Back at the FT, I bring the bottle to my lips. The aroma is somehow pungent of, well, camel – or what I imagine camel might smell like – while the milk tastes earthy and complex, and slightly sour. The initial potent saltiness quickly melts away and I forget my misgivings. Until I go to take a second sip. I lurch, I swallow. I try again. By the third sip (or is it the millionth?) I feel more comfortable. The real hump to get over, I think, is its sheer otherness – but then people who didn’t grow up drinking milk from cows might feel the same about bovine dairy.

Even in the Middle East, “20 years ago, you could not find camel milk in the markets”, says Bernard Faye, a self-described “camelologist” based in France, who has spent the past 40 years researching the animal. “[Herders] consumed the milk or offered it; it was considered the gift of God . . . [Now] the taboo on selling camel milk is changing.”

Camel milk represents three per cent of the US$360 billion (S$490 billion) global dairy market, and sales are expected to grow at nearly twice the pace of other animal milks, a rate of 6.8 per cent each year through 2022, according to a study by Technavio, a market research company.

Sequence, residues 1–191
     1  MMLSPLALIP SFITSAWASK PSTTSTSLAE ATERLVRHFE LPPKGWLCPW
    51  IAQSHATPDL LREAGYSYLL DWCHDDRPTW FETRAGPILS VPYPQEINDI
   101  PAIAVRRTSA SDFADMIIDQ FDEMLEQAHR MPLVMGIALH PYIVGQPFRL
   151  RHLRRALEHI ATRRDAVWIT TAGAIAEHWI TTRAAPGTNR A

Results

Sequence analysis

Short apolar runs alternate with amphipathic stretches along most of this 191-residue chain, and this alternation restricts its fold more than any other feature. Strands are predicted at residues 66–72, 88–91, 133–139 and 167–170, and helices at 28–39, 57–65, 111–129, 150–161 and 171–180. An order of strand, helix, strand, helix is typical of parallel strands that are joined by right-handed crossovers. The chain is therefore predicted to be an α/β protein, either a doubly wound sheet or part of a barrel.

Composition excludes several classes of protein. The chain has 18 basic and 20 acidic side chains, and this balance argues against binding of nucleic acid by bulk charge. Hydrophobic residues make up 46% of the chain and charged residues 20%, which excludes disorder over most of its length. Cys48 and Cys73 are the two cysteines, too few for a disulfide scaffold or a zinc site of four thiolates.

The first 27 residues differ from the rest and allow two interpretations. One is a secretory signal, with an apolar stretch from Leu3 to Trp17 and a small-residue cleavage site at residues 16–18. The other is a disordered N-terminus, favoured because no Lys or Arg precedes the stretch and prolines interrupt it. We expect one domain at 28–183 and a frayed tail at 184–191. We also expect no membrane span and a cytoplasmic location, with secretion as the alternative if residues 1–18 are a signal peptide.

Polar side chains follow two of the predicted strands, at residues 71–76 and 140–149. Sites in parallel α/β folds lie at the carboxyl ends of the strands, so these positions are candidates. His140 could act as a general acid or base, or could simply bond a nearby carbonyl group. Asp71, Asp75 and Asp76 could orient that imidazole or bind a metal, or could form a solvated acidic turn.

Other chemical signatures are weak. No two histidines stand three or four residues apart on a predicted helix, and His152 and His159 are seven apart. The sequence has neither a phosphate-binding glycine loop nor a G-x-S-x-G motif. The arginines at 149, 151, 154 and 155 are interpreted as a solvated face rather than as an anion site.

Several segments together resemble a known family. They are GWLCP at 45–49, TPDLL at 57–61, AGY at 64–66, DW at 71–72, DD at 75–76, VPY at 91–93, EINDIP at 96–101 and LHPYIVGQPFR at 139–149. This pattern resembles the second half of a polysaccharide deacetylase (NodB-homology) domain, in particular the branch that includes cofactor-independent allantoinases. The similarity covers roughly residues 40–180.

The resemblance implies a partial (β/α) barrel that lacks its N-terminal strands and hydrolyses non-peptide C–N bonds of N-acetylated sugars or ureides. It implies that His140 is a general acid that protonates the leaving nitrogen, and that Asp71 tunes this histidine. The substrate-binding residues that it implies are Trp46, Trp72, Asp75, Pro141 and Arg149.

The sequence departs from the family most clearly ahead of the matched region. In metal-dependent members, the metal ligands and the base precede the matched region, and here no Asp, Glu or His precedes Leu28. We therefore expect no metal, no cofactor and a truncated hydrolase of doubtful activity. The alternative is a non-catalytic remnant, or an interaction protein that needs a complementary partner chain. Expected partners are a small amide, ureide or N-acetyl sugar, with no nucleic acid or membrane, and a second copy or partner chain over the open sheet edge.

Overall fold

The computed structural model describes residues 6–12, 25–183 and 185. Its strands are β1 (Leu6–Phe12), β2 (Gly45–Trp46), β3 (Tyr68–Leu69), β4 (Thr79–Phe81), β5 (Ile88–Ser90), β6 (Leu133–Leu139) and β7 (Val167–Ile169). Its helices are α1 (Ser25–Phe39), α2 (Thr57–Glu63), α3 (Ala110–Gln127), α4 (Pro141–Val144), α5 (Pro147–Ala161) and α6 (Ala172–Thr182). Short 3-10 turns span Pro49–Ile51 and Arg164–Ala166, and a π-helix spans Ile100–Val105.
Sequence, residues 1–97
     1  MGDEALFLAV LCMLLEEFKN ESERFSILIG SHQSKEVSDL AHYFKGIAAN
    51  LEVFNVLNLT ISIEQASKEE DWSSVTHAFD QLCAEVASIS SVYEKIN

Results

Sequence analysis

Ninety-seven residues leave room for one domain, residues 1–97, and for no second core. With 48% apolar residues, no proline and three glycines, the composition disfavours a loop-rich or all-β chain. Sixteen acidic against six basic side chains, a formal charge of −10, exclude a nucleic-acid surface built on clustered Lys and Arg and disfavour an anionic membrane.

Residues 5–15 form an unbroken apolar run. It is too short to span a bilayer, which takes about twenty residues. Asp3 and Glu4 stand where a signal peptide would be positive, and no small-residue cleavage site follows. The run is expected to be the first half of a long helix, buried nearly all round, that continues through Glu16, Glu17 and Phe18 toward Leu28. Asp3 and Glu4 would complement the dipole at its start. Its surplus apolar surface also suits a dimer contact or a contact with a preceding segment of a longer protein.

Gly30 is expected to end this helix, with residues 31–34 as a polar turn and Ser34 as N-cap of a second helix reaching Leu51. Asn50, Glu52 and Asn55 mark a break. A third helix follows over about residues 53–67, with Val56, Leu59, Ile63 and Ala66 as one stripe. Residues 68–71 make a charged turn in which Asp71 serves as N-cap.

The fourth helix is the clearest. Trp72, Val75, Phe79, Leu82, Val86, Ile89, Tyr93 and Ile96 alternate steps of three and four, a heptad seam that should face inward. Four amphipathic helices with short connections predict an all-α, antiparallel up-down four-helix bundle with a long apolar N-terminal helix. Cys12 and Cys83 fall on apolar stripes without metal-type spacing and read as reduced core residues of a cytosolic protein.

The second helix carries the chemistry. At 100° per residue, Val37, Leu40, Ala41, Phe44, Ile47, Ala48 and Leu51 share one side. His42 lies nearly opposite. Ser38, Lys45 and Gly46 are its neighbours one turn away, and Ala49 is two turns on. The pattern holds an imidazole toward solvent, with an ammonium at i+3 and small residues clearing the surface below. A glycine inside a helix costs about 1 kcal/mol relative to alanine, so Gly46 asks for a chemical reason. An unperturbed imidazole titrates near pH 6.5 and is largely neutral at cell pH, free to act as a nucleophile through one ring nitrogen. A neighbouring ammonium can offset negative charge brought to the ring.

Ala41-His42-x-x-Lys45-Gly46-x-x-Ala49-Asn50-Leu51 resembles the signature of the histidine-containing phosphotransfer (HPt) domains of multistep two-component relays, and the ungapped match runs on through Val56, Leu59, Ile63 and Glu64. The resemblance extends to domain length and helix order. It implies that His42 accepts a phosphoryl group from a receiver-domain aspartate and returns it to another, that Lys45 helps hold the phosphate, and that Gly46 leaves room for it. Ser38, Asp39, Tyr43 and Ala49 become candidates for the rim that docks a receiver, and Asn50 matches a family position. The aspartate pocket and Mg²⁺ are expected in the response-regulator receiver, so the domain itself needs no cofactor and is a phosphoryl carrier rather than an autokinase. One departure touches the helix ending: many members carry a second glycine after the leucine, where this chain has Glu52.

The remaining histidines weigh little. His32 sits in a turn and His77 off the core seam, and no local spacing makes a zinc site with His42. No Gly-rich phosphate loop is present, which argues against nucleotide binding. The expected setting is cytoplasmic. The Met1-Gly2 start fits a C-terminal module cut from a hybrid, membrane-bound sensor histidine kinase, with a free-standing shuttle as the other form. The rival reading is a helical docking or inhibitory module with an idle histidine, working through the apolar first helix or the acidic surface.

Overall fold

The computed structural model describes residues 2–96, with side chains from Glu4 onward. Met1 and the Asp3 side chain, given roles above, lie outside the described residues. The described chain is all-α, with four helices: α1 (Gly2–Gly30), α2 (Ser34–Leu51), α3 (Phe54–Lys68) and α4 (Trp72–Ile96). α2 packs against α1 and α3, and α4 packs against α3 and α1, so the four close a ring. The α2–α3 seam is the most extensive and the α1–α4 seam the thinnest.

But camel reproduction is more complex than bovine, and starting a camel dairy is capital-intensive. The breeding of dairy cows has been perfected over hundreds of years, while dairy camels are a relatively new commercial concept and can cost more than €5,000 (S$7,600) each.

Camel’s milk is “the white gold of the desert”, said researcher and veterinarian Ulrich Wernery, who helped to set up a camel dairy, Camelicious, with the ruler of Dubai, Sheikh Mohammed bin Rashid al-Maktoum.

The dairy now has some 6,000 camels and produces liquid and powdered milk. It ships around the world and supplies neighbouring Al Nassma, a halal camel chocolate company that sells chocolate camels in airports and the department store Selfridges for £15.99 (S$28).

Female camels are traditionally bred in the Middle East for speed, not milk, said Wernery; the majority of racing camels are female. Camelicious sells most of its unlucky male camels, which are popular for meat and tourism. Meanwhile, females can produce milk from four years old, have a gestation of about 12 months and will produce milk up to two years after giving birth.